- Code ANTH8058
- Unit Value 6 units
- Offered by School of Archaeology and Anthropology
- ANU College ANU College of Arts and Social Sciences
- Course subject Anthropology
- Areas of interest Anthropology, Development Studies
- Academic career PGRD
- Mode of delivery Online or In Person
In 2006 the Grameen Bank won the Nobel Peace Prize for its decades-long effort to bring microcredit loans to the poor—and particularly women—as an engine of development. How did poor people’s debt come to seem like a step towards global peace? And simultaneously, how did the “bottom of the pyramid” billions of poor people come to be conceptualized as the world’s largest resource? In order to answer these questions, this course sets out to survey approaches, debates, and theories of global development including an intellectual and cultural history of economic development. The course is aimed at students with little previous exposure to or background in economics and builds upon Masters coursework that examines critical and alternative approaches to development. Although inequality has long-recognised economic-aspects, it also has important cultural aspects which must be understood in order to deal with settings and projects. This course questions why the “economic” and the “cultural” have been so persistently separated. At the same time, we ask what is to be gained by examining how market-based aid programs—including alternatives—such as microfinance have been trialed in development practice, which often reinforce “the market” as a distinct category. Through case studies of specific methodological approaches as well as applied policies and projects, students will be introduced to debates about different paradigms in development. We learn to analyse and interpret their claims to truth, their ideological underpinnings, and their role in reproducing inequality and injustice.
Upon successful completion, students will have the knowledge and skills to:
Upon successful completion of this course, students will have the knowledge and skills to:1. Discuss the intellectual history of key ideas in neo-classical economic thought, its application in development theory and practice, and relationship to socio-economic inequality.
2. Draw upon and analyse major critical debates in inequality in order to interpret applied cases.
3. Interpret and compare interdisciplinary approaches in social sciences and evaluate the research methods and contributions to theory.
4. Create original written work that develops a conceptual argument using primary sources, social theory, and intellectual history.
Indicative AssessmentWeekly lectorial activities and practicums, (highest 10 marks will be used; 2% each for a total of 20%) [LO 1,2]
Reading logs, 5 x logs, 500 words each (4% each for a total of 20%) [LO 2,3]
Glossary journal, 10 x entries, 100 words each (1% each for a total of 10%) [LO 1,3]
Research proposal/ annotated bibliography, 500 words 15% [LO 2,4]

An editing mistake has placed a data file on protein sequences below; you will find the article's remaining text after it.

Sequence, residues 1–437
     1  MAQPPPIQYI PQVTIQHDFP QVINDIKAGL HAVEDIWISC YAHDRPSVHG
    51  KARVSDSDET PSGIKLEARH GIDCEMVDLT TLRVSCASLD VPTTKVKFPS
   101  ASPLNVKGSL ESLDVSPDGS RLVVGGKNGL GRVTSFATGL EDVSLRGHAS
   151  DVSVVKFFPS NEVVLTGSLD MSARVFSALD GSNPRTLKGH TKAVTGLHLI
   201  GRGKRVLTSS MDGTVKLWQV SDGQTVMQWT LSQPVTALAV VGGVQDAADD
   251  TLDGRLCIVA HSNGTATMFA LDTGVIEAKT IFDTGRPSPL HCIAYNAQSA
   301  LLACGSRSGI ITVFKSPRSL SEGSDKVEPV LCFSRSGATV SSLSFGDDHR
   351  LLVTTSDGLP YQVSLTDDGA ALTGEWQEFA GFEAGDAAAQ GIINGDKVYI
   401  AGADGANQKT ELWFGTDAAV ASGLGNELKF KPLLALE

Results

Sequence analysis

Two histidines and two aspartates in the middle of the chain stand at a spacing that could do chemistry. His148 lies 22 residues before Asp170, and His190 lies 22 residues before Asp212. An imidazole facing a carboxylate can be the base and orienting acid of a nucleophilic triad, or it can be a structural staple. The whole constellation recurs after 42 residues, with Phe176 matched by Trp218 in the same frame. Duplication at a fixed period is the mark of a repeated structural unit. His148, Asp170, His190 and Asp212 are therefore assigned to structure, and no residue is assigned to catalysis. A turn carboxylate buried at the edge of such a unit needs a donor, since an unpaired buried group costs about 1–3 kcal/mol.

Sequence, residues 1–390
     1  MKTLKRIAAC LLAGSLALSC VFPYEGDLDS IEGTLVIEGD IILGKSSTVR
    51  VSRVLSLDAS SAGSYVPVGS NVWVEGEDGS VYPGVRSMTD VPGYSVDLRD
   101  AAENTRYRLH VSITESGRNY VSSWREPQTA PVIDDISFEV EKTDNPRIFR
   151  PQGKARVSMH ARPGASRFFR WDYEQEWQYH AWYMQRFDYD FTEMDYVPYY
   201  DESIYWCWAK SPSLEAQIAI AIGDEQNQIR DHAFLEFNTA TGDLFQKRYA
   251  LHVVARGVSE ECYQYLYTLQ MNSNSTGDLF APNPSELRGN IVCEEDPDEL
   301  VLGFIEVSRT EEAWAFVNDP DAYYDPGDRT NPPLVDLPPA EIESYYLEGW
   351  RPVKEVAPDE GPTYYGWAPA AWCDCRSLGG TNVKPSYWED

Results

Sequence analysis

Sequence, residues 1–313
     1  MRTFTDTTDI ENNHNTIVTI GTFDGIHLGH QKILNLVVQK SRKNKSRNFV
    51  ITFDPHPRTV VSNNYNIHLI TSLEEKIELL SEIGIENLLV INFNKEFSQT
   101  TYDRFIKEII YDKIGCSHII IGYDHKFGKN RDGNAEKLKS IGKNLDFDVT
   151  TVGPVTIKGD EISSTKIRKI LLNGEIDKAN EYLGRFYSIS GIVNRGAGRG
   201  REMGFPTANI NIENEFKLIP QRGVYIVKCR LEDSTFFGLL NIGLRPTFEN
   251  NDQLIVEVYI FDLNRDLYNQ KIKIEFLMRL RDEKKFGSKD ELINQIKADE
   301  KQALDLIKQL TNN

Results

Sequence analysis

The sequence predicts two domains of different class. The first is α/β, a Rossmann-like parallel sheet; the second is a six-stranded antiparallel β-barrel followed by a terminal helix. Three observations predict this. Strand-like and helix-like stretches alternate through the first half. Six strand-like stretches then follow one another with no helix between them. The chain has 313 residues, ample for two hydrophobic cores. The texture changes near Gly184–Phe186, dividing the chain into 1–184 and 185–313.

Final poster project, 2,000 words 35% [LO 1,2,4]
In response to COVID-19: Please note that Semester 2 Class Summary information (available under the classes tab) is as up to date as possible. Changes to Class Summaries not captured by this publication will be available to enrolled students via Wattle.
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WorkloadIn Person - 130 hours of total student learning time made up from: a) 36 hours of contact over 12 weeks: combined lecture and tutorials; and, b) 94 hours of independent student research, reading and writing. Online - 130 hours of total student learning time made up from: a) 36 hours of contact over 12 weeks 24 hours of online lecture and structured activities, and 12 hours of online tutorials; and b) 94 hours of independent student research, reading and writing.
Prescribed TextsBesky, Sarah. The Darjeeling distinction: Labor and justice on Fair-Trade tea plantations in India. Univ of California
Preliminary ReadingCooper, Frederick, and Randall M. Packard, eds. International development and the social sciences: essays on the history and politics of knowledge. Univ of California Press, 1997.
CHAPTER 2, Frederick Cooper: “Modernizing Bureaucrats, Backward Africans, and the Development Concept” (p. 64-92)
CHAPTER 4, Michael R. Carter: “Intellectual Openings and Policy Closures: Disequilibria in Contemporary Development Economics” (p. 119-149)
Stoll, David. El Norte or Bust!: How Migration Fever and Microcredit Produced a Financial Crash in a Latin American Town. Rowman & Littlefield Publishers, 2012.
Nussbaum, Martha. "Women's capabilities and social justice." Journal of Human Development 1.2 (2000): 219-247.
Collins, Daryl, et al. Portfolios of the poor: how the world's poor live on $2 a day. Princeton University Press, 2009.
Bardhan, Pranab. "Corruption and development: a review of issues." Journal of economic literature (1997): 1320-1346.
Anjaria, Jonathan Shapiro. "Ordinary states: Everyday corruption and the politics of space in Mumbai." American Ethnologist 38.1 (2011): 58-72.
Assumed KnowledgeThis course builds out of, and assumes, familiarity with core concepts in critical development studies. If you are unsure about whether you will meet the requirements for expected knowledge, please contact the course convenor.
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- 6 units
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